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Jaime Olivares earned 1000 total points
ID: 13980374
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Expert Comment

by:Julian Hansen
ID: 13981298
Just to clarify it is possible to code in straight C++ (without using managed extentions) with the Visual Studio .Net suite.
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by:c230kochi
ID: 13981391
Well, from what I can see, C++ is the way to go followed by C# in a close second.  As for the environment, would you recommend
Visual Studio for C++ and C# or is there something better?


thx
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Expert Comment

by:Jaime Olivares
ID: 13981602
Just to clarify me too, I don't mention non-managed C++ because although is my prefered language, it doesn't satisfy the ROBUST feature, that managed and specially .Net do.
Pure C++ is high performance better than robuts.
C#.Net provides an acceptable performance with robustness and clean code.
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by:Julian Hansen
ID: 13981709
To follow on from jaime's comment (which I agree with) - C++ (my preferred language too) is good for certain things - you should not think of it as a solution for everything. There are many applications that are better suited to C# or VB .Net. That is why in an earlier post I said your choice of tool depends on what you are doing. Developers today need to be multi-lingual - one development tool very rarely cuts it. My point was if you go the .Net route with Visual Studio you still have the option of using C++ when you want to. The nice thing about the VS environment (above version 6) is that it is very nicely integrated - you have a common interface for all development and you can have a workspace with multiple mixed projects. if you want to develop in .Net, C# etc then Visual Studio is the way to go.
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by:c230kochi
ID: 13981727
Been doing some reading.  What is Visual Studio Express Edition, just a water-down version of
Visual Studio?  How is this different from Visual Studio and Visual Studio.Net?


thx
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by:Jaime Olivares
ID: 13981782
express edition doesn't have GUI libraries like MFC and ATL, but you can run almost everything including .net framework in text mode. Also you can integrate it with 3rd party GUIs like wxWorks or QT, but notice it is intended just for evaluation and educational purposes.
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by:c230kochi
ID: 13981852
Alright, I'm a network engineering student, so maybe I can use it for those CIS classes I don't have :)

I would like to be able to start building apps in the next 6 months, and I figure that I don't really have enough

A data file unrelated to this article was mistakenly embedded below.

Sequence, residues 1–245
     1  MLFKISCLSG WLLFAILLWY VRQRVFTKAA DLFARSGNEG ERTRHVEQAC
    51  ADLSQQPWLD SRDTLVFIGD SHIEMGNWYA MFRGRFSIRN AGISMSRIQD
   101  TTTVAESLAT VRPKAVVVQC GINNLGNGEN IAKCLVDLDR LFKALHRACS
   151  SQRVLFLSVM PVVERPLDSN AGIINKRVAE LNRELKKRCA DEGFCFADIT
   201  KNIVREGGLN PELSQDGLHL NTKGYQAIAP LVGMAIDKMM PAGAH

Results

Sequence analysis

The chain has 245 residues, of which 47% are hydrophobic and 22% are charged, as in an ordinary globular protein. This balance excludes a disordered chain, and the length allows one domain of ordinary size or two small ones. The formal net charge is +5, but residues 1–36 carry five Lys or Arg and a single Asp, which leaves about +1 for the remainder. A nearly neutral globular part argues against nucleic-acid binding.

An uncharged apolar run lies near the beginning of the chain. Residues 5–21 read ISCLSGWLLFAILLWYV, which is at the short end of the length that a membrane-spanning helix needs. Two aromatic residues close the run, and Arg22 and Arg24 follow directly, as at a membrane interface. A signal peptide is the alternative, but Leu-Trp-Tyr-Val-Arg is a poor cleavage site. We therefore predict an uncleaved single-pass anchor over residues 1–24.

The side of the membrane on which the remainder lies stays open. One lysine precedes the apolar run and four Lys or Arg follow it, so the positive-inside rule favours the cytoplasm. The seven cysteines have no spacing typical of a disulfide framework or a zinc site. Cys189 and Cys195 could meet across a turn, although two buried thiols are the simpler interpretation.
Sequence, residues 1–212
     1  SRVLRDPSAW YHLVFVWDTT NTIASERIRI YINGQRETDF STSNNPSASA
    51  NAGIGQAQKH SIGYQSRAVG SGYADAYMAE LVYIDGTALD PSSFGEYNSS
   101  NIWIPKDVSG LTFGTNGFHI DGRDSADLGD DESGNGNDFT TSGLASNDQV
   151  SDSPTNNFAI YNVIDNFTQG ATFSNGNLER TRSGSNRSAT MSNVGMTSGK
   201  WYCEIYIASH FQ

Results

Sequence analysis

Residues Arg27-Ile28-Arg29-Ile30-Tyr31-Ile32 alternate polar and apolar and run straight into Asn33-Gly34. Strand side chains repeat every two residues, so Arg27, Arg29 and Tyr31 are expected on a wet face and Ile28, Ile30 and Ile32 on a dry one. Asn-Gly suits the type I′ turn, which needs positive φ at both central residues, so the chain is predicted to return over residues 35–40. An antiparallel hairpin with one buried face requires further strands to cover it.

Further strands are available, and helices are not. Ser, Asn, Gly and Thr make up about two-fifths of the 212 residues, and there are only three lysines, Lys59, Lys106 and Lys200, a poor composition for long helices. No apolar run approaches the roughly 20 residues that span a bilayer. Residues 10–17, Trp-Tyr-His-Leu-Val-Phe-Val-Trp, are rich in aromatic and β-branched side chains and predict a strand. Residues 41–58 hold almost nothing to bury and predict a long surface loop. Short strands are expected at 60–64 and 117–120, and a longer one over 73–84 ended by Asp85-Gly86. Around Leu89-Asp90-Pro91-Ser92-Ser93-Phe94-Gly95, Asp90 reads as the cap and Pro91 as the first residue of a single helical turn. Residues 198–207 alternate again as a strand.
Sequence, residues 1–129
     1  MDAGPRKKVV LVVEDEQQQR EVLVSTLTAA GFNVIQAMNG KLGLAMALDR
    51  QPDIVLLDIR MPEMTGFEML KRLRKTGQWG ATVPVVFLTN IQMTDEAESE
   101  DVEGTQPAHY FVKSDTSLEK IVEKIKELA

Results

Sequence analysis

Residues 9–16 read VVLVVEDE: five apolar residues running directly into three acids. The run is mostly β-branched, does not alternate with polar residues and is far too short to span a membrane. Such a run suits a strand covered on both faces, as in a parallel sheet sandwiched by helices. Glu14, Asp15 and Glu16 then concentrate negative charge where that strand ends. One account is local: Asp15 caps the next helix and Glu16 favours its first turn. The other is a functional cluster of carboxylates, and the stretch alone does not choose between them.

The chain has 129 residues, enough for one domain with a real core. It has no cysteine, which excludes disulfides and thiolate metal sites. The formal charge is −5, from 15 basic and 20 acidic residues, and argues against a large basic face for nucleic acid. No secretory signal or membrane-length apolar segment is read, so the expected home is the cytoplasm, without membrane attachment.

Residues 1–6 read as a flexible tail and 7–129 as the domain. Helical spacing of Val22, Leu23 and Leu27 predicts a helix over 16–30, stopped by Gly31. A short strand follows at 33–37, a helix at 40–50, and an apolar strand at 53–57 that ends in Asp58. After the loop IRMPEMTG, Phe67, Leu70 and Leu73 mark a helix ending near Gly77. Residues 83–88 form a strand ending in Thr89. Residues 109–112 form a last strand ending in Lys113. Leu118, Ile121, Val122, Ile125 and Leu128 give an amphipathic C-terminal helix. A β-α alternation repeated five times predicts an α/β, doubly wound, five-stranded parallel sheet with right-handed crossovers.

knowleged in C++ to do that.  I'm young, and careers choices are still open to me, and I would like to dabble
in programming a bit and see if I like it more than networking (I HATE routers, they never want to route for
me!!!!).  Anyway, I've been playing with Delphi to make the appropriate program modifications and updates
as needed, and have found that I kinda like it, but I don't think delphi is the best program to write in (it just
seems like everything is more difficult than it needs to be in delphi). So.....

One last thing, is Visual Studio and Visual Studio.Net the same thing?
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by:Jaime Olivares
ID: 13981896
> is Visual Studio and Visual Studio.Net the same thing?
Currently yes, just can vary in year 2003 or 2005
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by:Julian Hansen
ID: 13981914
Sort of, and no not really.

Visual Studio was the name of the development suite version 6.

Visual Studio .Net 2003 is the development environment that came after this and includes the support for .Net and the integrated environment.

Visual Studio is also used as a generic term when referring to the Microsoft development suite although it does become necessary to qualify it with a version when discussing features and capabilities.

Sort of like Word XP and Word 2003 - same product different versions.

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by:c230kochi
ID: 13981955
Word XP and Word 2003, now you're talking my language ,:D

So, I should get myself a copy of Visual Studio.Net 2003 or Beta 2005 and see how that does me.

Cool cool, thanks for the help, you both are awesome!!
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by:c230kochi
ID: 13981982
Wow, $718.00, so why aren't my shares in CDW going up??
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Expert Comment

by:Jaime Olivares
ID: 13982049
you don't need all visual studio, every MS-Visual-Language costs about $110
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by:c230kochi
ID: 13982527
So I can purchase each language by itself?
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by:Jaime Olivares
ID: 13982621
also, if you are a US student you can get entire Visual Studio for $99
Look at:
http://www.microsoft.com/Education/USAcademicPricing.aspx
But you will need to match strict requirements.
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by:Julian Hansen
ID: 13983969
you are most welcome